Joined by War–Women’s rights in today’s Afghanistan
For nearly a decade, Americans and Afghans have been joined by conflict. In the first years of the war, images of Afghan girls returning to the classroom were a heartening change from the years of Taliban brutality. Engaging the women of Afghanistan is critical shaping a modern, democratic Afghanistan. Yet local laws have again become more conservative. And strong development benchmarks for women have waned. Now, with talk of possible reconciliation with the Taliban, some wonder: do women’s rights in Afghanistan still matter?
Audiences in Washington DC and Kabul discuss how women’s lives have changed post-Taliban rule and ask if their rights and interests are now being sacrificed in the name of security.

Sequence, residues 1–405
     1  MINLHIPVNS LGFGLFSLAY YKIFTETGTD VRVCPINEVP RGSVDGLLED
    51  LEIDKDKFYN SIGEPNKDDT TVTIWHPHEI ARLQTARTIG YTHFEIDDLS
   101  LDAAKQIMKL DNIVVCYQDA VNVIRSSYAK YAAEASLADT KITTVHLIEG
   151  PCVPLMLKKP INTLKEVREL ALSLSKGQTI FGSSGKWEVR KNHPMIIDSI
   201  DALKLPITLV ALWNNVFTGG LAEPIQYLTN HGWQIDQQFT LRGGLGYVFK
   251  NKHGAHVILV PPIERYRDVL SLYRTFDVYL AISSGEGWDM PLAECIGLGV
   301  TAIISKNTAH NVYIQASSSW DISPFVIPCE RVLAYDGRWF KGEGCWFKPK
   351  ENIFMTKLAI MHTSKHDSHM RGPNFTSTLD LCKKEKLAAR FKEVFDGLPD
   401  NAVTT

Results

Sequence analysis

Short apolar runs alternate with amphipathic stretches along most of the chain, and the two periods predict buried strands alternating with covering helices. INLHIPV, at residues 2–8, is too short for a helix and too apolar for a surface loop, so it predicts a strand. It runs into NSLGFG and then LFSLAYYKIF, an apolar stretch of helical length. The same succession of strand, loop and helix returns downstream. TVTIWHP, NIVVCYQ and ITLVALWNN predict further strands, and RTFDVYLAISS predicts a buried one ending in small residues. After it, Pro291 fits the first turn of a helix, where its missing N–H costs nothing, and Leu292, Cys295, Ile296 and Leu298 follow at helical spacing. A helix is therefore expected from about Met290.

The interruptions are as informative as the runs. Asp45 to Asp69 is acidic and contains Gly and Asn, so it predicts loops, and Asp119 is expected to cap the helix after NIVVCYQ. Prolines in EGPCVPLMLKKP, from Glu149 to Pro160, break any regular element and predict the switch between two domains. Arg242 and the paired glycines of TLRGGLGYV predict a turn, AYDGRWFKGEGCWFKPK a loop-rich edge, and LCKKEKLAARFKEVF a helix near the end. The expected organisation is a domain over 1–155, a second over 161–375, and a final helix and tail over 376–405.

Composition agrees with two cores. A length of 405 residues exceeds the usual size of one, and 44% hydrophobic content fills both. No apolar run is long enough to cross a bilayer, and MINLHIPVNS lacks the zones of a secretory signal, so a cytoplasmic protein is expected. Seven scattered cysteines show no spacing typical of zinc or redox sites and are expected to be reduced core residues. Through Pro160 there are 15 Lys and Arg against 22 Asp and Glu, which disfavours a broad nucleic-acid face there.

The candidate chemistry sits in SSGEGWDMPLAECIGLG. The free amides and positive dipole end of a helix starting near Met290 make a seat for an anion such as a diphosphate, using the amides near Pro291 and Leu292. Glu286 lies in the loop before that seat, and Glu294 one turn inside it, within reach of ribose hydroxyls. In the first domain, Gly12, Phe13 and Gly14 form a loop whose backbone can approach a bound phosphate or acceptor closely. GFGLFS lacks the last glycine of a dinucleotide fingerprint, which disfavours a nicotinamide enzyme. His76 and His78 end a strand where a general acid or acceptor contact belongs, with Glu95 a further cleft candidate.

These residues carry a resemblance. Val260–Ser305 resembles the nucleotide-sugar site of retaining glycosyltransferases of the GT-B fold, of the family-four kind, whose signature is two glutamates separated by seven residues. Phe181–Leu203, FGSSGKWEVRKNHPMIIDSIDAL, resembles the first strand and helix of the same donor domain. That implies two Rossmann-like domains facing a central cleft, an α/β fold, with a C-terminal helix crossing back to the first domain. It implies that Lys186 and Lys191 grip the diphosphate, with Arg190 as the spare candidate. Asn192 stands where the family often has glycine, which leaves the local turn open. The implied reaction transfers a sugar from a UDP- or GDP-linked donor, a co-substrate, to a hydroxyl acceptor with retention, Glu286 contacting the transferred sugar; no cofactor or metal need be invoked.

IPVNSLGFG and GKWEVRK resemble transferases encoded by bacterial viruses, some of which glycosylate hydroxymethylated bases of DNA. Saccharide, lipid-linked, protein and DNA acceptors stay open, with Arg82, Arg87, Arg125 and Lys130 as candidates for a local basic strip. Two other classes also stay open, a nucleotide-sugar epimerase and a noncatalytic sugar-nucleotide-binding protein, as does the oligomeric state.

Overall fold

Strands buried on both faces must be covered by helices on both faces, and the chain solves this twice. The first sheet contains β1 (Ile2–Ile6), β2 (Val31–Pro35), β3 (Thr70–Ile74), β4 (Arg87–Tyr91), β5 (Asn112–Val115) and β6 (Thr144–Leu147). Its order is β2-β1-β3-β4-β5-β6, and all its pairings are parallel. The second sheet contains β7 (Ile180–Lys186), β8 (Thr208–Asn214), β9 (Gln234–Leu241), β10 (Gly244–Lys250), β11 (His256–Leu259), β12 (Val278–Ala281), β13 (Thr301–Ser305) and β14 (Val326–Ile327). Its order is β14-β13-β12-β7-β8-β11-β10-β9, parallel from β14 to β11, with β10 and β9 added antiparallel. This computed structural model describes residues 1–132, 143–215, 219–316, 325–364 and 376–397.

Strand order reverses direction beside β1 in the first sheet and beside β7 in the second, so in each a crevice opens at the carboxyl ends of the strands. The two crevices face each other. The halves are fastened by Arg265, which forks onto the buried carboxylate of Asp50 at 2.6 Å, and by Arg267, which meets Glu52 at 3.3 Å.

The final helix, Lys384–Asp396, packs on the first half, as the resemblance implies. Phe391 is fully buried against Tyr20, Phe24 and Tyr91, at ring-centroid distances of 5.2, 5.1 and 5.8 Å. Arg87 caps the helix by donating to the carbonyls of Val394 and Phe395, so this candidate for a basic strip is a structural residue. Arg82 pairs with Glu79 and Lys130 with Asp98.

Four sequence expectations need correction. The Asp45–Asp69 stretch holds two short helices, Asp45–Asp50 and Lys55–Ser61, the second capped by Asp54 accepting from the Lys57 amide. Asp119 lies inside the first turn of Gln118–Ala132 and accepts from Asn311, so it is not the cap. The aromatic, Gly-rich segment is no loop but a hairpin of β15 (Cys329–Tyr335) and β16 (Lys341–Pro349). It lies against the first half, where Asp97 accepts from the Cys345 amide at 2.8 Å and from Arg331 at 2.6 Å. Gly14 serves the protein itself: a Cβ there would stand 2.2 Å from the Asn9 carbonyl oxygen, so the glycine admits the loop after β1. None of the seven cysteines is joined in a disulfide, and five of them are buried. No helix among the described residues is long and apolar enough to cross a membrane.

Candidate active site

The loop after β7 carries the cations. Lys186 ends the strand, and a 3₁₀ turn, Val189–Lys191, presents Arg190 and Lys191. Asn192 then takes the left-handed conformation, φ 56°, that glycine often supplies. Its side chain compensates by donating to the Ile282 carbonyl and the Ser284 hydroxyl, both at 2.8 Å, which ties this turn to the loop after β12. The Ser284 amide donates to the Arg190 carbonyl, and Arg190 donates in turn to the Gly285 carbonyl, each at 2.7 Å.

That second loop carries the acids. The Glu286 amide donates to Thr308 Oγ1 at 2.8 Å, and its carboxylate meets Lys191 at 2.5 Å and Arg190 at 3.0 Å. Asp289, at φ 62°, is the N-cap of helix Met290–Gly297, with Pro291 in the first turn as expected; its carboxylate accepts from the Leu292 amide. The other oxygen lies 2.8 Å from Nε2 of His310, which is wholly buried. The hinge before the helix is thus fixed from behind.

- Michelle Barsa is the lead advocate on Afghanistan at The Institute for Inclusive Security, where she focuses on expanding the role for women in Afghanistan's peace and reconstruction processes.
- Anita McBride is a member of the US-Afghan Women's Council, and the Executive in Residence at the Center for Congressional and Presidential Studies at American University's School of Public Affairs. She also served as chief of staff to former first lady Mrs. Laura Bush.
- Dr. Sima Samar is a 2008 Asia Democracy and Human Rights Award Laureate, Chairperson of the Afghanistan Independent Human Rights Commission and United Nations Special Reporter on the situation of human rights in Sudan.
- Dr. Safia Sidiqi is a former member of Afghanistan's Parliament. Previously, she ran a legal advice bureau in Canada for Afghan women.
Original airdate: May 2011
This is a joint production by America Abroad Media, WAMU 88.5 FM, and Radio Killid Afghanistan.